The results, which were also hit by the strong dollar, drove shares
of the Web search company down 6 percent in late trading Thursday.
Alphabet's consolidated revenue rose to $20.26 billion from $17.26
billion, slightly below the $20.37 billion analyst consensus,
according to Thomson Reuters I/B/E/S. Non-GAAP earnings per share of
$7.50, excluding one-time items, missed analysts' expectations of
Chief Financial Officer Ruth Porat said on a conference call with
investors that payments to other web sites, known as traffic
acquisition costs (TAC), totaled $3.8 billion and accounted for 21
percent of advertising revenues. The percentage of ad revenues spent
on TAC grew 13 percent year-over-year.
That reflects the ongoing shift to mobile advertising and the
growing importance of programmatic advertising, in which ads are
bought, sold and displayed by automated systems.
Investors should get used to seeing increased TAC as "the cost of
doing business," said Sameet Sinha, B. Riley & Co. analyst.
"If you're getting mobile searches from Apple devices you have to
pay Apple for traffic so that revenue can happen," Sinha said. "The
same thing on the programmatic side, when you end up representing
more people and selling their ad space or buying their ad space, you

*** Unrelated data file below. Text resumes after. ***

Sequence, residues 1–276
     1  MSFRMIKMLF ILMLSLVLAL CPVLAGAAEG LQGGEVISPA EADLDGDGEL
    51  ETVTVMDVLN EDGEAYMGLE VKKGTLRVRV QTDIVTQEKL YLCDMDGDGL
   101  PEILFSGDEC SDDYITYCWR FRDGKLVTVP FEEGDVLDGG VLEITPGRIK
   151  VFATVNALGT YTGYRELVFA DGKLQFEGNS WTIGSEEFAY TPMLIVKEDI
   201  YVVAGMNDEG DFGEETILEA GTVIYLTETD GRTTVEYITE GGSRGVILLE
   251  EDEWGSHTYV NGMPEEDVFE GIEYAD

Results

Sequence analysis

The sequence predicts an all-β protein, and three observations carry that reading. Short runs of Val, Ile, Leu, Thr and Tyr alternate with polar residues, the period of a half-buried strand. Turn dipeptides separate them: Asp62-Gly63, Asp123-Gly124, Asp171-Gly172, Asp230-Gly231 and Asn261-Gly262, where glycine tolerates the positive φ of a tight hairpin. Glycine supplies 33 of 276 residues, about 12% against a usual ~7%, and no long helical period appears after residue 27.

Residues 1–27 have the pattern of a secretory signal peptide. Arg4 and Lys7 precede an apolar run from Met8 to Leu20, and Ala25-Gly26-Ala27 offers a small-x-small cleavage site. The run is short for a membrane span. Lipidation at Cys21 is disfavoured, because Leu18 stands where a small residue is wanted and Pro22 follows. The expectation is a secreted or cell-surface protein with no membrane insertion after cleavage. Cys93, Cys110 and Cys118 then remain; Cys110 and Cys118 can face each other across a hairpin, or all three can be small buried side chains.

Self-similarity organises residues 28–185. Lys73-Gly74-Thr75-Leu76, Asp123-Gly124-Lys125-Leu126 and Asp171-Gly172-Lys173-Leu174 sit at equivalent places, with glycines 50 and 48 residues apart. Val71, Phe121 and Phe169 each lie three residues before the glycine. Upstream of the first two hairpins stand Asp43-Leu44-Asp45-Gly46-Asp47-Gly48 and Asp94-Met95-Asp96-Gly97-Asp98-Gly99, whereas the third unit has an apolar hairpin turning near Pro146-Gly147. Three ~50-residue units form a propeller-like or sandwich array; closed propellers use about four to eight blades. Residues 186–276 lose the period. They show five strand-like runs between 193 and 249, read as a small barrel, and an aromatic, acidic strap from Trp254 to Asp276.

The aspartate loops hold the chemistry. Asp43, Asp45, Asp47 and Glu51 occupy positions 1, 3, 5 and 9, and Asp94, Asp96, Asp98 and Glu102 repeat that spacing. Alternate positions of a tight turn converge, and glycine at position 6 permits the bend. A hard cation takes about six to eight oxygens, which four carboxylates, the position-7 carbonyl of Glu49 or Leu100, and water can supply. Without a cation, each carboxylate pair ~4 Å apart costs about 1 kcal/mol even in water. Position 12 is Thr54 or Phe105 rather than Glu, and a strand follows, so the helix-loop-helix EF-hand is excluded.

have to pay somebody else."
Porat said spending on traffic acquisition is expected to keep
rising as the shift to mobile continues - pressuring the company's
traditionally robust margins on its advertising business.
"I think investors expecting stable margins are probably being
overly optimistic. But that said you can have diminishing margins
and still have a great business and an incredibly lucrative one,"
said Pivotal Research Group analyst Brian Wieser.
Google's advertising revenue increased 16.2 percent to $18.02
billion, while the number of ads, or paid clicks, rose 29 percent,
the company said.
Losses increased at the company's Other Bets business, which
includes its broadband business Google Fiber, home automation
products Nest, self-driving cars and X - the research division that
works on "moon shot" ventures.
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The loss widened to $802 million, up from $633 million a year
earlier. Revenue rose to $166 million from $80 million.
Compared to Google's overall business, Wieser said losses in other
bets were "too small to matter" at the moment.
"If you're an optimist you can look to [other bets] and say it can
eventually support long term growth."
Porat said foreign exchange rates factored heavily into the results,
shaving $762 million from its revenue for the quarter or $593
million after the effects of a currency hedging program.
"Our total revenue grew 23 percent year-over-year and declined 4
percent sequentially, reflecting holiday seasonality," she said on
the conference call.
Martin Pyykkonen, an analyst at Rosenblatt Securities, said the
effect of foreign currency was worse for Alphabet than expected.
"If there had been a little better foreign currency translation, it
would have been better than the Street consensus," he said.
Alphabet's total net income rose to $4.21 billion, or $6.02 per
Class A and B share and Class C capital stock, from $3.52 billion,
or $5.10 per share.
The company's shares fell to $732.94 in after hours trade from a
close of $780.
(Reporting by Narottam Medhora in Bengaluru and Deborah Todd in San
Francisco; Editing by Peter Henderson, Savio D'Souza and Bernard Orr
and Andrew Hay)
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